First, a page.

How To Convince Stakeholders Of The Value Of A Tech Solution

Use Analogies And Examples

Another effective strategy to communicate a tech solution is to use analogies and examples that can help the audience relate to and understand the concept. Analogies are comparisons that use familiar or common scenarios to explain complex or unfamiliar ideas. Examples are specific instances or cases that demonstrate how the concept works in practice.

For example, if you are proposing an artificial intelligence (AI) solution, you can use an analogy such as “AI is like a smart assistant that can learn from data and perform tasks for you”, or an example such as “AI can help you analyze customer feedback and generate insights for improving your products or services”.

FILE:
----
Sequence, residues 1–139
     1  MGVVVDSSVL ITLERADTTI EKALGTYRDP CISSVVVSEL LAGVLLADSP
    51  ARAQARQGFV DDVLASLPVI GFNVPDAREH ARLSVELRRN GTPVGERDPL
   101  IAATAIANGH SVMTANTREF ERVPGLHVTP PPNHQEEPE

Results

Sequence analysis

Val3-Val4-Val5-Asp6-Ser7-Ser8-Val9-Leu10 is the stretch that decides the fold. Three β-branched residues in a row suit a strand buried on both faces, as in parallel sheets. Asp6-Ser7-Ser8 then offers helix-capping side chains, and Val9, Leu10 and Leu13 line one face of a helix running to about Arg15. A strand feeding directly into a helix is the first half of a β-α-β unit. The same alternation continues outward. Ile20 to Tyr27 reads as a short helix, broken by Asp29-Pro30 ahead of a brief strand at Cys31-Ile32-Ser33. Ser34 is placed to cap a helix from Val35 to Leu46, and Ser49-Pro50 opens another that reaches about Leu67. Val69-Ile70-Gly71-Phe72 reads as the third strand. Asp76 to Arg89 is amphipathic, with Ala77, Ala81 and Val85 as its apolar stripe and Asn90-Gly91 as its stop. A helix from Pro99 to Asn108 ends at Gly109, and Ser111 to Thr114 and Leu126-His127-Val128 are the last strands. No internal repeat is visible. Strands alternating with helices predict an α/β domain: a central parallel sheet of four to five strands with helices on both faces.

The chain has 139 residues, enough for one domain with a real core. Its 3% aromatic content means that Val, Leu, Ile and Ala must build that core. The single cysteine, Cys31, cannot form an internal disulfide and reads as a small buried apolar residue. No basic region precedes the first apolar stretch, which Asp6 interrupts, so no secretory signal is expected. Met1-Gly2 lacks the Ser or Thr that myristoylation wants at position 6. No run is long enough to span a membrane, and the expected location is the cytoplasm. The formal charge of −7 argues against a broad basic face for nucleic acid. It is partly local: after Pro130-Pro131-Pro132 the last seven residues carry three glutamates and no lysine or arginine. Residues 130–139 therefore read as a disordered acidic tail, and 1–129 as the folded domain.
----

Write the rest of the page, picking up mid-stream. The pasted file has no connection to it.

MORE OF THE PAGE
Analogies and examples can help to simplify tech talk into tangible benefits that resonate with the audience’s objectives and interests. They can also spark curiosity and engagement, and invite questions and feedback.

Focus On The Why And The How

Another key strategy to communicate a tech solution is to focus on the why and the how of the solution, rather than the what. The why refers to the purpose and the value proposition of the solution, while the how refers to the process and the methodology of the solution. The what refers to the technical specifications and features of the solution.

While it is important to provide some information about what the solution does and how it works, it is more important to emphasize why it matters and how it can help. The why and the how can help to connect the solution with the audience’s needs, goals and expectations, while avoiding unnecessary details that may confuse or bore them.